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Is it known whether the Fundamental Theorem of Algebra is a theorem or non-theorem of the first-order theory of the complex field (i.e. $\mathbb{C}$ together with $+,\times,0,1$)?

Every proof I've seen uses some topological properties of the plane, but I was wondering if anyone had answered the question of their necessity from this viewpoint.

EDIT: I see now that the way I have worded this question makes it either unanswerable, or trivial (after all, the FTA is a true theorem of the complex field, hence, in the theory). What I think I was originally curious about is the following, motivated by the question of whether there exists a purely algebraic proof of the FTA, can each sentence in the following schema, for each $n$,

$$\forall x_0\forall x_1\cdots\forall x_n\exists z (x_nz^n+\cdots+x_1z+x_0=0)$$

be given first-order proofs in some reasonable extension of the first-order axiomatization of fields, which would somehow characterize $\mathbb{C}$, however, there are obvious obstacles to the second part of this statement (via Loewenheim-Skolem Theorems). I will have to rethink my curiosity. Thanks.

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How about starting with a statement of the FTA in the language of +,×,0,1 ... ??? Such a statement, if it exists, would belong to the theory, at least in the way I understand that word. –  GEdgar Jan 7 '12 at 1:06
    
@ismythe: What is the first-order theory of the complex field? As you know, no first-order theory with infinite models can be absolutely categorical... –  Zhen Lin Jan 7 '12 at 1:16
    
You are right, there is an issue with my wording, as the full statement of the FTA requires a natural number quantifier. The next best thing would be to consider, for each $n$, the sentence (taking $z,x_0,x_1,\ldots$ as my list of variables in the usual language of fields): $\forall x_0\forall x_1\cdots\forall x_n \exists z (x_nz^n+x_{n-1}z^{n-1}+\cdots+x_1z+x_0 = 0)$ –  Iian Smythe Jan 7 '12 at 1:18
    
Also, see my edit. –  Iian Smythe Jan 7 '12 at 1:40

2 Answers 2

First off, the Fundamental Theorem of Algebra isn't even a statement in the stated language. However, you can express it as a schema -- roughly speaking, as the collection of statements "every degree-$n$ polynomial has a root" for each positive integer $n$.

So, assuming you mean this theorem schema, the precise question you asked can be answered trivially: "yes", by the very definition of what "theory of the complex field" means -- it is the first-order theory whose theorems are those statements true about the complex field.

The question I think you mean to ask might look something like writing down an axiomatic presentation of some theory, and asking if you could prove the fundamental theorem (schema) of algebra for that theory.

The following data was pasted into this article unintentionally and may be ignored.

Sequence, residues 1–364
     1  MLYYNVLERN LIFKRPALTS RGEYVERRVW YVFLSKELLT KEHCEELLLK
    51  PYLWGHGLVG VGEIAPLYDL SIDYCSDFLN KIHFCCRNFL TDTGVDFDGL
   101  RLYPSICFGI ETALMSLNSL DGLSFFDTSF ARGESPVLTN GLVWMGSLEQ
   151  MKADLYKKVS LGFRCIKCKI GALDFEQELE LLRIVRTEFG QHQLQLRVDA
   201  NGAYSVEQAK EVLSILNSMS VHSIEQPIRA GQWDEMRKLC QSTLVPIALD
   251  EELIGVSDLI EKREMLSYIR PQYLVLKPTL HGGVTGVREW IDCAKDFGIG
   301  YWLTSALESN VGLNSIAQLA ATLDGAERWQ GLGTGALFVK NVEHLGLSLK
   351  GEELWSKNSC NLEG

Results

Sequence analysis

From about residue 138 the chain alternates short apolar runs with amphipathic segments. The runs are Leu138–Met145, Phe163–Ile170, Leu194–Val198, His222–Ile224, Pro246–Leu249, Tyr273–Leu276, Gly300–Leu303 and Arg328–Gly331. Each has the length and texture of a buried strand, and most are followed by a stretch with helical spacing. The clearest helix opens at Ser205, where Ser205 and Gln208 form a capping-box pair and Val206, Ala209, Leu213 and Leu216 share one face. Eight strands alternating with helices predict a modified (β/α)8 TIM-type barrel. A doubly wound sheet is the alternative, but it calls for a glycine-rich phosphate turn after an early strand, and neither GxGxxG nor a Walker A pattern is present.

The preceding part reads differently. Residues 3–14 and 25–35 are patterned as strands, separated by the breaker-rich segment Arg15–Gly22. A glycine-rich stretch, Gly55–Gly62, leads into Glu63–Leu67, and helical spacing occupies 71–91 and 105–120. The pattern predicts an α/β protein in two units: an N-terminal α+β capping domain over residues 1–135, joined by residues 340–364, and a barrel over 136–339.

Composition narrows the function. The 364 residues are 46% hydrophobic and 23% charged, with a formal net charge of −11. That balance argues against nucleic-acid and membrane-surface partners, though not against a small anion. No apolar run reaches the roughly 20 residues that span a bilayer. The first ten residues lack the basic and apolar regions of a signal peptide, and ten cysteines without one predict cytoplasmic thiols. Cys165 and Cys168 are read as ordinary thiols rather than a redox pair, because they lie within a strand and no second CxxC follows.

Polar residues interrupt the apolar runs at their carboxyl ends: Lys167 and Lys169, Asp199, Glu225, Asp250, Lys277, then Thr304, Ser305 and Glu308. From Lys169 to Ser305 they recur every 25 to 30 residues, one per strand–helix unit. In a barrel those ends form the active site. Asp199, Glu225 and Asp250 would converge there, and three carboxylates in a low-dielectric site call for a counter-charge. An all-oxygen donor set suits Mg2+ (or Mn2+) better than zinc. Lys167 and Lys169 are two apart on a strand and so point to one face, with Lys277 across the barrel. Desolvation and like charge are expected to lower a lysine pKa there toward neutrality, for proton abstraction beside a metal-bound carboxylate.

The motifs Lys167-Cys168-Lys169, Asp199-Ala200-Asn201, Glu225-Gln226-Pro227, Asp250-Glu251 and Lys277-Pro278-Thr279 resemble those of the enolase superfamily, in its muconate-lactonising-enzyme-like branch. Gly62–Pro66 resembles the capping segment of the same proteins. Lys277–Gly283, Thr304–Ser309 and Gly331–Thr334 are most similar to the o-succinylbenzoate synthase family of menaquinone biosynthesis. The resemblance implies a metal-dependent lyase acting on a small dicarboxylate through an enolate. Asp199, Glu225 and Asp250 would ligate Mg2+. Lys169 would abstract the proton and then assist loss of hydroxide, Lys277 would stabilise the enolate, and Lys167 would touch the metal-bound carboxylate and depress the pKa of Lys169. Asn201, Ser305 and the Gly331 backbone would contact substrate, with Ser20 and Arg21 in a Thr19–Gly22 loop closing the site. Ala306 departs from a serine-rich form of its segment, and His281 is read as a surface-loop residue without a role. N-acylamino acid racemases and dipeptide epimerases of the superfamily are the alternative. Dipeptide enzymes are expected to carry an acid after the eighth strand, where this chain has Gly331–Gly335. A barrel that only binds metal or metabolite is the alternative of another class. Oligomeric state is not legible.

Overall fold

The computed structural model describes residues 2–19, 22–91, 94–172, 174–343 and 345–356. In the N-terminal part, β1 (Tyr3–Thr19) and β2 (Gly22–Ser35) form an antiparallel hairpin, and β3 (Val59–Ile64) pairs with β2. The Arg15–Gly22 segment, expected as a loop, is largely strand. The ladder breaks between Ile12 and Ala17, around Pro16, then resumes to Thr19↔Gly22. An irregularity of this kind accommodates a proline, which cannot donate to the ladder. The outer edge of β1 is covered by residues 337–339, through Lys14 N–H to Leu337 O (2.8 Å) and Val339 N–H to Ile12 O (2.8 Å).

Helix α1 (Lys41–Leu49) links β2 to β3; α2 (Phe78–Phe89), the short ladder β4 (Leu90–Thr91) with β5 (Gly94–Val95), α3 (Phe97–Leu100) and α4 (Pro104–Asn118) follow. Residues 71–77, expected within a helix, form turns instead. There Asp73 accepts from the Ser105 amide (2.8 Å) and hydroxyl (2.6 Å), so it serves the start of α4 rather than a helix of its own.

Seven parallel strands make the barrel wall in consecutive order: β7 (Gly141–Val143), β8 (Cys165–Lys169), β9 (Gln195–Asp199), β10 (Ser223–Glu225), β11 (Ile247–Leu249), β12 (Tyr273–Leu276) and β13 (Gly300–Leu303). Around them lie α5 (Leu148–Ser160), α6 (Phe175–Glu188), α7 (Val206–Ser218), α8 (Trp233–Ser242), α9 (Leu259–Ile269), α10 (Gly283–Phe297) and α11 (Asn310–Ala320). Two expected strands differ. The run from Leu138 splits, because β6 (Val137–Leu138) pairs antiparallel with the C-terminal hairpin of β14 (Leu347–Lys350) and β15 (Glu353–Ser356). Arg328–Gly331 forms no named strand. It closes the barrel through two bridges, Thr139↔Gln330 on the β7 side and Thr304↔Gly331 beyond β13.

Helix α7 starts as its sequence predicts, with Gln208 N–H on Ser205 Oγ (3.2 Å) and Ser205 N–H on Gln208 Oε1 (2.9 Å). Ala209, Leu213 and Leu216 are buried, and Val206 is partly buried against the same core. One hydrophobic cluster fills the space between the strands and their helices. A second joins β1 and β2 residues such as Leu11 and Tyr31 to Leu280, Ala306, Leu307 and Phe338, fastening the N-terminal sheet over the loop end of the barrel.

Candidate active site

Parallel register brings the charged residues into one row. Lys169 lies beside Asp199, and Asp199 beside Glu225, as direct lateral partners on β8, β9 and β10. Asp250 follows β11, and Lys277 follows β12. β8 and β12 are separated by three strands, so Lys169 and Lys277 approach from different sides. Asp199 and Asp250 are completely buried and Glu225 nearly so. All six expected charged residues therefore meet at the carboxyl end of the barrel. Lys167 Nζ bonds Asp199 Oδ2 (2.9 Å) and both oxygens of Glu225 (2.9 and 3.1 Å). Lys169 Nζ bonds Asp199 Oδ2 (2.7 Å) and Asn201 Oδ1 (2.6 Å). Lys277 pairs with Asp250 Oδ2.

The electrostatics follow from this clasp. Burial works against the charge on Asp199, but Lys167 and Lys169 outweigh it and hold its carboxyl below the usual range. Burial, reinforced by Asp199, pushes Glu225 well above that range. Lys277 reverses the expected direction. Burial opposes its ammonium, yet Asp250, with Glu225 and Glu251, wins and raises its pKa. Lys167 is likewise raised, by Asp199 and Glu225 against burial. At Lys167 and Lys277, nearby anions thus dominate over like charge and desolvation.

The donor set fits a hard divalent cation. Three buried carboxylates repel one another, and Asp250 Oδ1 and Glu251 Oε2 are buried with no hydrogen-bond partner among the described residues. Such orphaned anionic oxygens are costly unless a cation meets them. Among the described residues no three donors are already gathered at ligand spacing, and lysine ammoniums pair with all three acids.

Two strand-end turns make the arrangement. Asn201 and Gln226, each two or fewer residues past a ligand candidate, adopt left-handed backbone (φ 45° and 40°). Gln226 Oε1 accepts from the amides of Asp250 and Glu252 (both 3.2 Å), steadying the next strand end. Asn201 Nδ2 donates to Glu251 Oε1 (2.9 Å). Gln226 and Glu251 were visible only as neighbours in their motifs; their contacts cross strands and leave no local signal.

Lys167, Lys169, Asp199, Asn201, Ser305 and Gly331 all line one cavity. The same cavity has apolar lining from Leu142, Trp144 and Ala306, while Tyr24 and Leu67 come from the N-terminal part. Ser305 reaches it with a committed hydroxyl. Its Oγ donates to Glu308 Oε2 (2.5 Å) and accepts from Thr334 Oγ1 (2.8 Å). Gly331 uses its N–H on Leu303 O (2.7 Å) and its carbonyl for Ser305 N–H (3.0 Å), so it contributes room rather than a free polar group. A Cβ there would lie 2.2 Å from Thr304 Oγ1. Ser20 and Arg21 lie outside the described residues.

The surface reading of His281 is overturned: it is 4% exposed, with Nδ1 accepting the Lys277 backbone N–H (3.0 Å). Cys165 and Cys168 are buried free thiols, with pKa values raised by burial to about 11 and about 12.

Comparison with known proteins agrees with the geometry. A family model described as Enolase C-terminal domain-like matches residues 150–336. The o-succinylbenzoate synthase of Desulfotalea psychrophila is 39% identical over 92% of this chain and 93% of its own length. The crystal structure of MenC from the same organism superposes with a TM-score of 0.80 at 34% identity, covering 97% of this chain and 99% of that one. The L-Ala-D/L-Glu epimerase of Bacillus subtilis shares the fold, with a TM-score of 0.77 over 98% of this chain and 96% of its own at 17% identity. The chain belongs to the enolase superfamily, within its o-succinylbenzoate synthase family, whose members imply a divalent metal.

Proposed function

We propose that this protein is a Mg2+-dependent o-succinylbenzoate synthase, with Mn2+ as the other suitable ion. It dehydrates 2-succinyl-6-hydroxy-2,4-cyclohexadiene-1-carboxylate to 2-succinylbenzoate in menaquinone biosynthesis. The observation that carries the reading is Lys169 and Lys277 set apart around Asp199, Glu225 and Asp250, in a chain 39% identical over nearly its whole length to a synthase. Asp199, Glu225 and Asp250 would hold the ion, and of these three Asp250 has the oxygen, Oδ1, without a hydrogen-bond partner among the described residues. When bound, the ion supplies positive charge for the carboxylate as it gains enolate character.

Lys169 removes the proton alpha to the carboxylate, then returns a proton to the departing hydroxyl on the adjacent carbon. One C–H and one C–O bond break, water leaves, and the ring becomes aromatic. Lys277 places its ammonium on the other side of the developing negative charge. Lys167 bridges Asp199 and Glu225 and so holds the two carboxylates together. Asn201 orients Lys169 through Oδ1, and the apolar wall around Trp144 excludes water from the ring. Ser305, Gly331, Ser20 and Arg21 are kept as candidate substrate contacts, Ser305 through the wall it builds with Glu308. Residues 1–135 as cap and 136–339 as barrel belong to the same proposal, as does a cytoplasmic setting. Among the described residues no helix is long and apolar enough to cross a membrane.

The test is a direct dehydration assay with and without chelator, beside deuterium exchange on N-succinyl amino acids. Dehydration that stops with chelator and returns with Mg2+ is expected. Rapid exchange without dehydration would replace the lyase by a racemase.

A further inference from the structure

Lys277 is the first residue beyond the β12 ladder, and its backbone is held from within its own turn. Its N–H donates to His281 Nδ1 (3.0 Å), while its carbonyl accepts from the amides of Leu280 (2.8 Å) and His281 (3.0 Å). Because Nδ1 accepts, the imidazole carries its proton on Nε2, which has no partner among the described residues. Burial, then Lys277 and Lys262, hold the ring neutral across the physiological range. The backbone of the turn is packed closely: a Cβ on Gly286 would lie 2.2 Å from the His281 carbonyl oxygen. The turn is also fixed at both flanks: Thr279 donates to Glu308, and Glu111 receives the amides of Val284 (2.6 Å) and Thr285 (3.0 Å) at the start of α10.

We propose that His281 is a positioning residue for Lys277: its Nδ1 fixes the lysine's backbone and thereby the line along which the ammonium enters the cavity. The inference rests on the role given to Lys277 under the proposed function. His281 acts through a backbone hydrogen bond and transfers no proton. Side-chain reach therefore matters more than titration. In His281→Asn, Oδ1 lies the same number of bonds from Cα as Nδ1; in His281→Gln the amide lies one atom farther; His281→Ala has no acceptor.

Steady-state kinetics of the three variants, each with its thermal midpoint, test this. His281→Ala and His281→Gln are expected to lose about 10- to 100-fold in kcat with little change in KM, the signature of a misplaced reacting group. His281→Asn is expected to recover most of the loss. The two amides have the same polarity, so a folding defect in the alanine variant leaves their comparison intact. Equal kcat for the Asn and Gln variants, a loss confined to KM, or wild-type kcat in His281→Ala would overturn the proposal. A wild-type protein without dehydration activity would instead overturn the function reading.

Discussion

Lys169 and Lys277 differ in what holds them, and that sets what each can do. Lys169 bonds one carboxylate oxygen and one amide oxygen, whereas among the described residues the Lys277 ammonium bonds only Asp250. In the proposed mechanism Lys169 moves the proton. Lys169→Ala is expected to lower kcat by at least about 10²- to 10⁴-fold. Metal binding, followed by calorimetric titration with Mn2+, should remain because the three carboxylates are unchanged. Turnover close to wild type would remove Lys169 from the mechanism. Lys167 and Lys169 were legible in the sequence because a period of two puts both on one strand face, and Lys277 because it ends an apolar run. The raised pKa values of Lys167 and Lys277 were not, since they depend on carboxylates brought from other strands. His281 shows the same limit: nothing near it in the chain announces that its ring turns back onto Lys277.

As it turns out, I expect the most common axiomatization I would see for a theory like that would be:

  • The field axioms
  • One axiom for each arithmetic fact about complex numbers
  • The fundamental theorem schema of algebra

The fundamental theorem schema of algebra is a theorem of this theory, but the proof is trivial.

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Yes, that is what my original intention was, but I see now that I cannot really formulate the question I had in mind without making it trivial. –  Iian Smythe Jan 7 '12 at 1:40
1  
The fundamentals of logic are sort of weird. If you don't know them, the subject seems deep and mysterious. But then when you take your first real look at them, it seems trivial and devoid of content. But once you use it to reorganize the way you think about things, things seem deep and interesting again. :) –  Hurkyl Jan 7 '12 at 2:00

When we write down the axioms for an algebraically closed field of characteristic $0$, we ordinarily include a specific infinite list $(A_n)$ of axioms, one for each $n \ge 1$. For any positive integer $n$, axiom $A_n$ asserts that every polynomial of degree exactly $n$ has a root. It is not difficult to write down, for any $n$, a sentence $A_n$ that does the job.

So every instance of the Fundamental Theorem of Algebra is a theorem of the first-order theory of algebraically closed fields of characteristic $0$, for the simple reason that it is one of the usual axioms of the theory.

The usual formulation of the Fundamental Theorem is not a sentence in our first-order language. We cannot in our language quantify over degree.

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